The increasingly complex and contrary world of food advertising and labelling is once again in the headlines.
Compassion in World Farming had complained to the Advertising Standards Authority about an AHDB advert that read "Pork not porkies. Red Tractor pork is high-welfare pork".
The implication of the advert was that UK pork is produced to a higher welfare standard than many of our European counterparts. But CIWF stated that the advert's claim of high welfare was "overblown and misleading". The ASA upheld the complaint and has banned the advert.
I have respect for much of the work that CIWF undertakes. But when its director Joyce D'Silva described the ASA ruling as "a victory for consumers who deserve to be able to choose higher welfare meat without being misled", I thought of pots calling kettles black, recalling CIWF's campaign against large-scale dairying.
In that instance, CIWF campaigned that large-scale dairying would be detrimental to cow welfare. I believe it misled consumers by insinuating that large dairy farms and poor welfare were inextricably linked.
With regards to the pork advert, Ms D'Silva commented that it was "a particularly embarrassing own-goal for Red Tractor pork". I entirely disagree. I believe that CIWF has scored the own goal in thinking it has claimed a victory for UK consumers. Quite the reverse.
Supermarket shelves are overcrowded with a kaleidoscope of different food labels and food accreditation logos. There are more than 80 in the UK. All research arrives at the same conclusion: most shoppers are confused. Not, as would be expected, by the detail of the different standards, but by the basics.
The majority would be unable to explain how a Freedom Food chicken differs from a Tesco Finest chicken, or an organic sausage from a local banger, or a Soil Association spud from a Leaf Marque potato. And many assume that the Red Tractor just means British.
CIWF's sleight on a single advertising campaign of a respected assurance standard is in danger of undermining all UK farm produce. History has shown us that because the UK consumer is overwhelmed with all these standards, if spooked by a media story they will not differentiate. Instead they are more likely to throw the baby out with the bathwater.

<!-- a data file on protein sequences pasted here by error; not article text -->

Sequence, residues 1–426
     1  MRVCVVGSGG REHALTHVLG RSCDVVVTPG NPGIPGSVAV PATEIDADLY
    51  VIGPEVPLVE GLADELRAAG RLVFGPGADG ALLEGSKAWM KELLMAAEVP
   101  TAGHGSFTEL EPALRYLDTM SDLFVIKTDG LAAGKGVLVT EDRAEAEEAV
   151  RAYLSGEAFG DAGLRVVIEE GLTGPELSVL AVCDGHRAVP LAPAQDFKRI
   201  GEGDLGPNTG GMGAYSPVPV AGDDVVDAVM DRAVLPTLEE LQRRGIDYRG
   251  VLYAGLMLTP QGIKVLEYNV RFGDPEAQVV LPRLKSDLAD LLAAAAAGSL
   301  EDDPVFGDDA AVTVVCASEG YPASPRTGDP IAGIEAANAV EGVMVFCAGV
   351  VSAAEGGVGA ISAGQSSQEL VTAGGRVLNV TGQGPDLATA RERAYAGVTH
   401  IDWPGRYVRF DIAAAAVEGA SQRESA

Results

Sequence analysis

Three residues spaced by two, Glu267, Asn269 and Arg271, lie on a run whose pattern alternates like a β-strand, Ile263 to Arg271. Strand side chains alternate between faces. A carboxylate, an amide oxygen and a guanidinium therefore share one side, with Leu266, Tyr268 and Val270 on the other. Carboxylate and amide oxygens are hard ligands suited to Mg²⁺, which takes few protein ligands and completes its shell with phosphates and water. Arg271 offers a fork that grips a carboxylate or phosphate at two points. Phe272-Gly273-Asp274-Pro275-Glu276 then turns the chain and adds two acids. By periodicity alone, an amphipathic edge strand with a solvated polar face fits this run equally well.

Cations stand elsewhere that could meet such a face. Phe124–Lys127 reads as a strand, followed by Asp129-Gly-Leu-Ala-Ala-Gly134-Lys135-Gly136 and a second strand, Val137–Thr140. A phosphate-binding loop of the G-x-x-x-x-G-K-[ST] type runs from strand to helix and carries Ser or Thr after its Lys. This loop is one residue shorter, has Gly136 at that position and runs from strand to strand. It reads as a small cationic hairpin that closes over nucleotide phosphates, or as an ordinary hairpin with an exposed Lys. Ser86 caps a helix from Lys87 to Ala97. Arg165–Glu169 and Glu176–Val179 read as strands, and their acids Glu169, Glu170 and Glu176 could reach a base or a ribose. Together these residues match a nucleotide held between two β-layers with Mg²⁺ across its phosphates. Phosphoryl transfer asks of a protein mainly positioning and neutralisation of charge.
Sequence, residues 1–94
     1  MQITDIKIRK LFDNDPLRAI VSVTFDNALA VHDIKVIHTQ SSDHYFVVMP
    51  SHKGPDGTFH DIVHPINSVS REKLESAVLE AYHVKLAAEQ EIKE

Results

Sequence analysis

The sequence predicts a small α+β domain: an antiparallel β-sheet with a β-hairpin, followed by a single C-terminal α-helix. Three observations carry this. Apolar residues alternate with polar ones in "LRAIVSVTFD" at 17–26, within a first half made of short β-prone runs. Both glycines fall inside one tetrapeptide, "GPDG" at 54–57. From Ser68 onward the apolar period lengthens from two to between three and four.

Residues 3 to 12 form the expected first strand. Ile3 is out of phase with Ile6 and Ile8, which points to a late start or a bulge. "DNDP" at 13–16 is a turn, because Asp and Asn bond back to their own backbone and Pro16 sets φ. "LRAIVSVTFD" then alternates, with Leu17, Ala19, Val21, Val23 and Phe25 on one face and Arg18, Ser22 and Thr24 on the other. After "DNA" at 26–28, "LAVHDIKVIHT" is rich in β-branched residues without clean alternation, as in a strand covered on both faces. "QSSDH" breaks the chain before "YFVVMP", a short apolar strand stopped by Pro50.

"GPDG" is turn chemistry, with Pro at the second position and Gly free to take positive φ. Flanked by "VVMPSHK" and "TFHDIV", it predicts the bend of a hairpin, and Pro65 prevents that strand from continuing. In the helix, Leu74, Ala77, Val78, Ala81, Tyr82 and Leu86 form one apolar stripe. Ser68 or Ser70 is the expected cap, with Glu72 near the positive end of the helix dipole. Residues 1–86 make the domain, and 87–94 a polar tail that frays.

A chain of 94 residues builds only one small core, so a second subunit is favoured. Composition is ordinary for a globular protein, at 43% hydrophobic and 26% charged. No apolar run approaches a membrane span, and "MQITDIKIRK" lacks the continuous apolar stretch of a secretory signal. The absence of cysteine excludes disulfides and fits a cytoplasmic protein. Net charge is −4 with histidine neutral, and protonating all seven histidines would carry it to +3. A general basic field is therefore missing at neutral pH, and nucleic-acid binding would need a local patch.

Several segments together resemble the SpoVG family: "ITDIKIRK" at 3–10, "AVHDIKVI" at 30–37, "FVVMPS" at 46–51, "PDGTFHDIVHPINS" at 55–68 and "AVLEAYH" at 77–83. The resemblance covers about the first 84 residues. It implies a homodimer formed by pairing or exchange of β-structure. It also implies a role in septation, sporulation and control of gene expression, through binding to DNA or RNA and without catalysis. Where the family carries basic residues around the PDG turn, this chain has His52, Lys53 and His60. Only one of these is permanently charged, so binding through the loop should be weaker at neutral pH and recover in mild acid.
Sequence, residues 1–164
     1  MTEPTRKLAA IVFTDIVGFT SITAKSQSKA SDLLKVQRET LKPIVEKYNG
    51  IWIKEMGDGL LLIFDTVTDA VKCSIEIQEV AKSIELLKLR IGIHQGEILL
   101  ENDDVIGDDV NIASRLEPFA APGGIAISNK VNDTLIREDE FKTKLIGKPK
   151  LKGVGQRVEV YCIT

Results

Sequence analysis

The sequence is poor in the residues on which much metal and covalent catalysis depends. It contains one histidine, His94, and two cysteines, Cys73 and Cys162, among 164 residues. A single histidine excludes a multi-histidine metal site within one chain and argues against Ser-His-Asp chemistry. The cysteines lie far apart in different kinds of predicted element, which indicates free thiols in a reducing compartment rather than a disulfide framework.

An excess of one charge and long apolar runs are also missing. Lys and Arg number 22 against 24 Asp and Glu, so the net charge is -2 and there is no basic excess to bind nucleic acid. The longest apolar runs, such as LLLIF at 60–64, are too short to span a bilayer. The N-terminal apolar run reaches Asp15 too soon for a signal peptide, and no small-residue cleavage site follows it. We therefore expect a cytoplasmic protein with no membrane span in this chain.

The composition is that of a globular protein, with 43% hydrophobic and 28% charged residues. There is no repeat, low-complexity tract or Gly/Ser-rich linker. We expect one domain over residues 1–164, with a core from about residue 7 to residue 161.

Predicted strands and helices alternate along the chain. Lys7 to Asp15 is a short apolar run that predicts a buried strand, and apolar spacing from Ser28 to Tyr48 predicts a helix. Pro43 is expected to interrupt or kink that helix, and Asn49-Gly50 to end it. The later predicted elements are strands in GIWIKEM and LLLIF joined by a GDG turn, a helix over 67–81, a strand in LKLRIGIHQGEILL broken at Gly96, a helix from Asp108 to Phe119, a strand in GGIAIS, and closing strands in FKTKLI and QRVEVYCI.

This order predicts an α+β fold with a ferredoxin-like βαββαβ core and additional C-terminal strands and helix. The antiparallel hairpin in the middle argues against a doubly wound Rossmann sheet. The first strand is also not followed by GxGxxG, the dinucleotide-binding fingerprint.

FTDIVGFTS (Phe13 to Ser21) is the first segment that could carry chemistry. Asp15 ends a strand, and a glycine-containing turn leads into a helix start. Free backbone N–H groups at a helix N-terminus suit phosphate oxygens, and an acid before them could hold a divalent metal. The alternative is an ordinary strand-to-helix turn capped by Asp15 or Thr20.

So, while CIWF has been busy making sure everyone knows about its "victory", the already confused shopper who reads the furore over the Red Tractor pork advert makes a conscious decision to choose pork from a non-UK source, which will probably be produced to a lower welfare standard. Not a victory for consumers, the CIWF scores an own-goal and the misled shopper loses.
The secret of many effective NGOs is a vibrant PR department. But these departments are often guilty of an over-exuberance, making the most of every story regardless of the fallout. Maximising a story's exposure to benefit the NGOs profile and encourage financial contributions from sympathisers takes no account of the unintended consequence.
Yes, there may be gold standards of welfare that are deemed higher than those required for Red Tractor pork. But is it not more important that UK shoppers are aware that other parts of the world allow standards of welfare that are unacceptable in the UK?
Ian Pigott farms 700ha in Hertfordshire. The farm is a LEAF demonstration unit, with 130ha of organic arable. Ian is also the Founder of Open Farm Sunday.
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